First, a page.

How a Trone Race Could Help Matthews

The following is a guest post by Adam Pagnucco:

As first reported by David Lublin and followed by Bethesda Magazine and the Washington Post, Total Wine Co-Founder David Trone is considering a run in the Eighth Congressional District. The conventional wisdom seems to be that a Trone candidacy would hurt Kathleen Matthews. Bethesda Magazine’s Lou Peck writes:

At first blush, it would appear that a Trone candidacy could be a political blow to Matthews, who—despite a lack of prior political involvement in the 8th District—has become a top-tier candidate thanks to a fundraising base that has drawn big-name contributors from Washington well as from several other major cities across the country. (Among the recent donors to Matthews: Robert Trone, also a Potomac resident, who gave her the maximum $2,700 contribution last June.)

While Matthews has sought to emphasize her prior background as a local TV news reporter and anchor, her tenure at Marriott over the past decade has given her a base of business backing that Trone could cut into. And Trone’s ability to self-fund a campaign could neutralize Matthews’ large campaign warchest, accumulated since last summer thanks to her network of contacts and those of her husband, MSNBC talk show host Chris Matthews.

The Post’s Bill Turque writes:

Should Trone decide to run, it would not be good news for Matthews, who is courting the kind of business community support that Trone could also claim. Trone would also likely diminish Matthews’s fundraising advantage (more than $1 million through Sept. 30), which she has accumulated through the network of corporate and political contacts developed in tandem with her husband Chris Matthews, host of MSNBC’s “Hardball.”

Lou Peck and Bill Turque are both great reporters, but I disagree with the opinions of their sources. If Trone gets in, it could actually help Matthews win the race. Here’s why.

1. The business community has money, but they don’t have a lot of loyal voters – especially in Montgomery County Democratic primaries. My hunch is that Matthews already has raised enough money to put on a competitive campaign. We will find out in a few days when the end-of-year finance reports come in. And her nationwide Democratic fundraising network, bolstered by her famous and well-connected husband, goes far outside the business community. As for Trone, he doesn’t need to compete with Matthews for money because he can self-finance.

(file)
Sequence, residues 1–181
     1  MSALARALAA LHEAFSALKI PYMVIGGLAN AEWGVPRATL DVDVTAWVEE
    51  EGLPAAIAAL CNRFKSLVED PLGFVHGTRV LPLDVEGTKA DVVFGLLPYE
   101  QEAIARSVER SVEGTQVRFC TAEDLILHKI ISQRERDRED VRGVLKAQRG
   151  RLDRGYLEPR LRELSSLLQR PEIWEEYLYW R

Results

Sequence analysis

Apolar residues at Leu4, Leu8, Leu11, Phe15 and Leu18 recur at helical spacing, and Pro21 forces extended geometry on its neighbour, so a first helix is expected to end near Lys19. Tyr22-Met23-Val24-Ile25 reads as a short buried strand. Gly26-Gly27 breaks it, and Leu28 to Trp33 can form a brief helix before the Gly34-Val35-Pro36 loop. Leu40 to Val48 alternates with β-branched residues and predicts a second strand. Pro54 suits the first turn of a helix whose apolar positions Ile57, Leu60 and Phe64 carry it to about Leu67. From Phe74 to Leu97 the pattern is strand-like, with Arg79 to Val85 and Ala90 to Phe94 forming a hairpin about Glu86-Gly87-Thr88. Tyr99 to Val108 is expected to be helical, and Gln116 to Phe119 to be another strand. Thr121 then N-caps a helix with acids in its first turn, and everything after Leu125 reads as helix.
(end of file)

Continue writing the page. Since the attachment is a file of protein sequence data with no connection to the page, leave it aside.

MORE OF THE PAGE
2. If Trone gets in, that means Matthews would be the only woman running a competitive campaign against three men–Trone, Sen. Jamie Raskin and Del. Kumar Barve. Del. Ana Sol Gutierrez has so far not raised enough money to be a top-tier contender.  (I am sorry for saying that, Ana!)  There are many examples in recent MoCo political history of female candidates doing well against men, either one-on-one or facing groups of men. They include:

Cheryl Kagan, 2014: Kagan, a former Delegate, was significantly outspent by incumbent Delegate Lou Simmons in the open seat primary for the District 17 Senate seat.  Kagan won by ten points.

Ariana Kelly, 2010: Kelly was the only female challenger in a jam-packed primary for an open District 16 Delegate seat.  Fellow challenger Kyle Lierman spent almost twice as much as Kelly, but she picked up the Apple Ballot and won a tight contest.

Ariana Kelly, 2014: Challengers Marc Korman and Hrant Jamgochian each spent significantly more than Kelly as they battled it out for an open seat.  Kelly was the only woman who ran a viable campaign and she finished first in the primary by nearly a thousand votes.

Sheila Hixson, 2014: The long-time incumbent faced a scrum of challengers for two open Delegate seats, one of whom self-financed over $400,000.  But Hixson, the only female candidate, smoked everyone and had a margin of more than 2,000 votes over the second-place finisher.

Nancy Floreen, 2010 and 2014: In 2010, Floreen competed with two other top-tier female candidates, fellow incumbent Duchy Trachtenberg and Becky Wagner, and finished third in the council at-large primary.  In 2014, Floreen was the only female at-large incumbent and had just one viable female challenger, Beth Daly.  This time Floreen finished second, her best result ever.

Yes, there are mitigating circumstances in all of the above races and women don’t always win.  In 2014, female challengers took on popular male incumbents in Council District 1 and Senate District 18 and lost badly. But there is definitely a pattern here for open seats and multiple seat races, because:

3. Women are majorities of Democratic voters, no matter how you slice the data. Below are extracts from Montgomery County’s voter registration file as of January 2015. First, let’s look at MoCo Democratic voters in gubernatorial elections.

Gender GubernatorialNext, let’s look at MoCo Democratic voters in presidential elections.

Gender PresidentialWomen are majorities in every single category of MoCo Democrats.  When just one woman is running a competitive campaign against two or three competitive men, that matters.  It also matters that Hillary Clinton is on the ballot and the possible departure of Donna Edwards from Congress could create an all-male federal delegation from Maryland.

All of these things bode well for Kathleen Matthews.  If I were in her camp, I would say, “Mister Trone, welcome to the race.”